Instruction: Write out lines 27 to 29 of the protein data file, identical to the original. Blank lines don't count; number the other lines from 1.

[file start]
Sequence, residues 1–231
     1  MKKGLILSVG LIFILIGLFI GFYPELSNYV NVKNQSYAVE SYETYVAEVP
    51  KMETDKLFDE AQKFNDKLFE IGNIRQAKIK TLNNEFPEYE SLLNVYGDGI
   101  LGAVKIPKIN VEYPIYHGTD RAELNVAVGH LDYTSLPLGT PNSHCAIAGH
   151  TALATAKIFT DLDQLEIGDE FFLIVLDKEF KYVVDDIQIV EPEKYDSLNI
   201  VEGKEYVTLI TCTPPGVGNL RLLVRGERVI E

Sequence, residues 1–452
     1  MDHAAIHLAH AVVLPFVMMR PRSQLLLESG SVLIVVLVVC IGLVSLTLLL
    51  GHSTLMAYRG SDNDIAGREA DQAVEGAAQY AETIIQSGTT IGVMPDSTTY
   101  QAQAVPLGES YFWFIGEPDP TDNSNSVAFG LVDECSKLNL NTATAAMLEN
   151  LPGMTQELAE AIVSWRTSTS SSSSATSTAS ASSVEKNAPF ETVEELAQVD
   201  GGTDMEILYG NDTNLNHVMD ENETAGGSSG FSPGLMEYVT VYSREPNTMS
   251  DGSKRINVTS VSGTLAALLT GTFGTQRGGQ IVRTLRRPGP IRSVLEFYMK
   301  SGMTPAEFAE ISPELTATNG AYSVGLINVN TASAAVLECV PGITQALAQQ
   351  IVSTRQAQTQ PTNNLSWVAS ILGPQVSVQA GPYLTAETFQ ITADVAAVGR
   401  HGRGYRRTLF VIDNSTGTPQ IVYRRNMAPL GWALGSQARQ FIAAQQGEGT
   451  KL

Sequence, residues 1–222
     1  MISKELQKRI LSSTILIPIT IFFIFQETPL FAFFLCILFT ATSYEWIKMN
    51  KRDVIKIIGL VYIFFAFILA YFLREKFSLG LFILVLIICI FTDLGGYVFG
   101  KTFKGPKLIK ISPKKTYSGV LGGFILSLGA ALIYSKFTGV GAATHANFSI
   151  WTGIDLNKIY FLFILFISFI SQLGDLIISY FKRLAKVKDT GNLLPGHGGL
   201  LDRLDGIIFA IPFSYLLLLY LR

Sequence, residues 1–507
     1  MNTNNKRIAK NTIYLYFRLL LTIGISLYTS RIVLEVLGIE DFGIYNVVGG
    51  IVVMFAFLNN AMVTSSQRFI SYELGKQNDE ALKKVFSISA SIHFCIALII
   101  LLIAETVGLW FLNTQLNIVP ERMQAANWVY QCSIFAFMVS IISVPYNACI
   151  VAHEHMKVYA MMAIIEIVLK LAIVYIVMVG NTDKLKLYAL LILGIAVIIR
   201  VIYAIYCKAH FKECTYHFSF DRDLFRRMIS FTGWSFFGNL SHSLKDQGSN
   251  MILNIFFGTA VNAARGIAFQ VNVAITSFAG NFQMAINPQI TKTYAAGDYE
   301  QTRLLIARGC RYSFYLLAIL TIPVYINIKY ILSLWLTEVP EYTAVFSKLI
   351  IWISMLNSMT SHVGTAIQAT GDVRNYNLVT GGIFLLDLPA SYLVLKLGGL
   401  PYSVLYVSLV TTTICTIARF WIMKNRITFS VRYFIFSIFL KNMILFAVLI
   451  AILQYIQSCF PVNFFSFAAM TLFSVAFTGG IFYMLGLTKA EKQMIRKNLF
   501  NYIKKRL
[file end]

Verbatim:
   101  LLIAETVGLW FLNTQLNIVP ERMQAANWVY QCSIFAFMVS IISVPYNACI
   151  VAHEHMKVYA MMAIIEIVLK LAIVYIVMVG NTDKLKLYAL LILGIAVIIR
   201  VIYAIYCKAH FKECTYHFSF DRDLFRRMIS FTGWSFFGNL SHSLKDQGSN